Saturday, December 7, 2013

Conquering Franey Mountain

Cape Breton Island is known for many things. The small island off the coast of Nova Scotia in eastern Canada has been voted one of the most scenic islands in the world and there are many ways to see the spectacular coastal beauty of the island. Most chose to drive the Cabot Trail in the comfort of a car. The adventurous types prefer to drive around the island by motorcycle. The extremely fit (and maybe slightly crazy ones) cruise the steep hills, mountains and hairpin turns via bicycle. It is the fit and outdoorsy ones who see the most and best places the island has to offer; they are the ones who combine one or more of the travel methods above with hiking.
There are literally dozens, maybe even hundreds, of hiking trails on Cape Breton Island. Some are quite easy like The Skyline Trail or Warren Lake. Others, like North River and Pollett’s Cove, are much longer than the average trail and more difficult. Franey Mountain is another one of the trails that is considered to be more difficult. Over the years, pretty much everyone I know made the hike up to the top of Franey Mountain…except me. Their accounts of the long, steep hike up and difficult hike back down convinced me that I would just have to resort to listening to those second-hand accounts of the hike because I had no intention in partaking in a hike that some deemed “torturous”. But as the years went by and I checked off almost every other hike on Cape Breton Island off my “to hike” list, I once again set my eyes on Franey. After all, the one good thing I heard over and over again was the view from the top was spectacular and well worth the hard hike.
For a few more years, I toyed with the idea of eventually hiking Franey. I would make a pact with myself to do the hike before the end of the season but summer after summer passed without even making an attempt. I asked many people to join me on the hike but no one ever wanted to. Apparently, everyone else I knew had already hiked it, loved it…but will never hike it again. I soon learned that, for many people, the hike up Franey Mountain is a once-in-a-lifetime deal.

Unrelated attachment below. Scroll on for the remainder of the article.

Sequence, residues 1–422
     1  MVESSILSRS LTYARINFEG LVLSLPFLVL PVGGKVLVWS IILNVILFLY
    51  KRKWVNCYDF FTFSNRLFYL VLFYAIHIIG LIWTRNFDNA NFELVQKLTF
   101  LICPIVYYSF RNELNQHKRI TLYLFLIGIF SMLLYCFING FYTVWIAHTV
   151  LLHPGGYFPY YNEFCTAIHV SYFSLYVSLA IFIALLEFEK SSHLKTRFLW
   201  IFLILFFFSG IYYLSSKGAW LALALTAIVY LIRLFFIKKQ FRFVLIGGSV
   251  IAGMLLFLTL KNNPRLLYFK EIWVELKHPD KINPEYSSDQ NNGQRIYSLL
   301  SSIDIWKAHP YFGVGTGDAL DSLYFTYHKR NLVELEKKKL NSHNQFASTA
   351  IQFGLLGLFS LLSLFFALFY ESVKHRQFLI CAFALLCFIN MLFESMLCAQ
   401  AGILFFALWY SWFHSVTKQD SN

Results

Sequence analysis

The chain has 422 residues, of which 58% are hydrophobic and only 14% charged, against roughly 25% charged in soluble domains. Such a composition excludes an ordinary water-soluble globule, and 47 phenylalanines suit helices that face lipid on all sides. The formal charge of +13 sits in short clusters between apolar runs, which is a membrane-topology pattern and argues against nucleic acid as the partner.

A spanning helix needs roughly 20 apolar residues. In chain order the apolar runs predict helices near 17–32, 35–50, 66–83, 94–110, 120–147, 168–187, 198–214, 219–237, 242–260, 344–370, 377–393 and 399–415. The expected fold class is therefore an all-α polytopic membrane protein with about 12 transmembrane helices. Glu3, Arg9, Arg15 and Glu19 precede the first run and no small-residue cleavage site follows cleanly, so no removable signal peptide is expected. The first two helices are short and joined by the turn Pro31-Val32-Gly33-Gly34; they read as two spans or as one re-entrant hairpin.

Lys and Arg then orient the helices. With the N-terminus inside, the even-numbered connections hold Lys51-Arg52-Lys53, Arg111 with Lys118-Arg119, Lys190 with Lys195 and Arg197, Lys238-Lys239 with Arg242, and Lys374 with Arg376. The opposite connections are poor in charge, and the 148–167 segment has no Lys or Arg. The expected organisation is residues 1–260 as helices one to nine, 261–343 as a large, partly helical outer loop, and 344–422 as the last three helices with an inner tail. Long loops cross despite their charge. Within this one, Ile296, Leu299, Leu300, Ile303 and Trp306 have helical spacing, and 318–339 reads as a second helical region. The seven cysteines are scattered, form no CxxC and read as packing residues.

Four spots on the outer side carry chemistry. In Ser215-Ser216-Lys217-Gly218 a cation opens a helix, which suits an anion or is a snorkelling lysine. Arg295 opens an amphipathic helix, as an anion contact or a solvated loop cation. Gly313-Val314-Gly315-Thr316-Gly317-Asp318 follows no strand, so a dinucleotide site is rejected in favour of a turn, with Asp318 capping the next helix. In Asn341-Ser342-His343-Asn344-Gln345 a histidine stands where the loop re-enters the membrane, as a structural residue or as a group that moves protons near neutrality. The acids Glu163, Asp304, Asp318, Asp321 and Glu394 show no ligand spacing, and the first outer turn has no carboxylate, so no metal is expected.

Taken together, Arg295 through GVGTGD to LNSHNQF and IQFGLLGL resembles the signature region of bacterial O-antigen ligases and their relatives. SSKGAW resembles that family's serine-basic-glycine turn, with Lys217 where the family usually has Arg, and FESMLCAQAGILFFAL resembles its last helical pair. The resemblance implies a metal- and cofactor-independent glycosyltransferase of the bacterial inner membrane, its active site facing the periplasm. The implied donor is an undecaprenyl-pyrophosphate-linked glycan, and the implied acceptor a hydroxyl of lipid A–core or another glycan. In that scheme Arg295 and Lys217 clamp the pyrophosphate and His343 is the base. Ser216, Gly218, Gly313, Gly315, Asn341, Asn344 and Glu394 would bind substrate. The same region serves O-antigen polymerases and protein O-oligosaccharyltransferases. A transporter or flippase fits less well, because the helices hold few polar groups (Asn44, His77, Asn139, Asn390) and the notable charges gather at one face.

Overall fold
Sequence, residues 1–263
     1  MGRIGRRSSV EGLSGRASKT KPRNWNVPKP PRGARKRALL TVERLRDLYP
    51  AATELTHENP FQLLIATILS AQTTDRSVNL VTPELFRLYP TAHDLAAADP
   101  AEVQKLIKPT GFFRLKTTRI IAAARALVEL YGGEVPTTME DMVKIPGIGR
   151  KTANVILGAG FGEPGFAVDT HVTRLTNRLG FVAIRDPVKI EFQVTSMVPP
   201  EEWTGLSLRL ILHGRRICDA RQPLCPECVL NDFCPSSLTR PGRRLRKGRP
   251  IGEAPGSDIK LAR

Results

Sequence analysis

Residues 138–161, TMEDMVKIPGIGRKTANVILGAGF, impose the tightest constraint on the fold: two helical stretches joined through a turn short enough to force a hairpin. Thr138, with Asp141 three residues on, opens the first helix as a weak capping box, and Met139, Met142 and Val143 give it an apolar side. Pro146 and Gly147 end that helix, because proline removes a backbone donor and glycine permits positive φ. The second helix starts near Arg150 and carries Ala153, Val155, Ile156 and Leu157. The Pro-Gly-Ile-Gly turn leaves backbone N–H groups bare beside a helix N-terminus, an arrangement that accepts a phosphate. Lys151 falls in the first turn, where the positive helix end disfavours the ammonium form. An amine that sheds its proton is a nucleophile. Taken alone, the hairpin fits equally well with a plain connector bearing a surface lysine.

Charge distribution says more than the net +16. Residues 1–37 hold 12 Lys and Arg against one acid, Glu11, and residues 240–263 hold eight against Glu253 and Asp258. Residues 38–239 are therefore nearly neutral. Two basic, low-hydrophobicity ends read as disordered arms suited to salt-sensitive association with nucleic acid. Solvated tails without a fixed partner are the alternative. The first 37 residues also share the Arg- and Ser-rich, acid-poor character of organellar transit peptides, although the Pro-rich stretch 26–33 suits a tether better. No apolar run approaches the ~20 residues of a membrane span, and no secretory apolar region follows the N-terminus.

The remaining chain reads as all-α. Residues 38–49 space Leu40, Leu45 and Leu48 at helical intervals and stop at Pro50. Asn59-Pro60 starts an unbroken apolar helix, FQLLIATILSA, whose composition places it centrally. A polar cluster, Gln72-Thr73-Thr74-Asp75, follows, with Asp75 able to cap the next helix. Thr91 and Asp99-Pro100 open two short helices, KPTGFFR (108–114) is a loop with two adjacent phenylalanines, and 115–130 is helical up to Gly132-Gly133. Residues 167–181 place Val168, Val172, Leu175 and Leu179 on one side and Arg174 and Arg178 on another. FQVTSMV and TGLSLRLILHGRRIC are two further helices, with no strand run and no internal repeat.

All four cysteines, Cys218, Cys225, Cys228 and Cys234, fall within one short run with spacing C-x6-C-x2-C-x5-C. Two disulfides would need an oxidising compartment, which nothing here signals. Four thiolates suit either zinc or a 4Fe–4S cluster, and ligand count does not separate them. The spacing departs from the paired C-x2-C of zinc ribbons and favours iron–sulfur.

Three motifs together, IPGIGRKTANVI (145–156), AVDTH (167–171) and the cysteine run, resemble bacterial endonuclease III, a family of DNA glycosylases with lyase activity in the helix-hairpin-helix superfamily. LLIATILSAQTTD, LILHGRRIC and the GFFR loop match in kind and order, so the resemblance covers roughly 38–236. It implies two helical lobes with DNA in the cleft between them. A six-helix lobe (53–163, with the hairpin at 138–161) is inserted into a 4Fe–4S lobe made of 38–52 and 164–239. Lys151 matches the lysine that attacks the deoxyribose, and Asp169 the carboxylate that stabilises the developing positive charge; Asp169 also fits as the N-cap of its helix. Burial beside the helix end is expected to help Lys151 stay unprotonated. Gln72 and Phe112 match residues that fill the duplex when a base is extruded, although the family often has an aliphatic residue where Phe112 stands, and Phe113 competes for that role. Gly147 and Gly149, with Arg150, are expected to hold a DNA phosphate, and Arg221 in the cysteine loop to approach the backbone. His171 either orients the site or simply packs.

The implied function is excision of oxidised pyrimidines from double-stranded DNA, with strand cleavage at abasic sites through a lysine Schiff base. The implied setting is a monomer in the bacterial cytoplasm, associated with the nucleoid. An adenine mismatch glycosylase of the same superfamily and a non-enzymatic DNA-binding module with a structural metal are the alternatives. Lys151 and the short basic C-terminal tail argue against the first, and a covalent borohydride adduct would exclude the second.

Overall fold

This past summer, the idea of hiking Franey came up again but, after hearing more testimonies to the beauty at the top of the mountain, I became even more determined to hike it even it I had to do it alone. My dad often hiked with me and I he always said “no way” when the idea of hiking Franey came up but I figured it wouldn’t hurt to ask him again. Surprisingly, he said “maybe” and I think it had to do with a conversation he had with my sister who hiked that trail a few years previously. Her account was the same as everyone else’s. It was the hardest hike she had ever done, the view at the top was out-of-this-world but she would never do it again. Maybe hearing about the trail from a close family member opened his mind more to the possibility of doing the hike.

The end of summer was closing in when dad mentioned hiking up Franey Mountain. I was taken by surprise. I didn’t even have to coax or bribe him. He was all for it. “Sometime early next week, we’ll take a shot up to the Highlands and do that hike you always wanted to do”. I was game and so was he.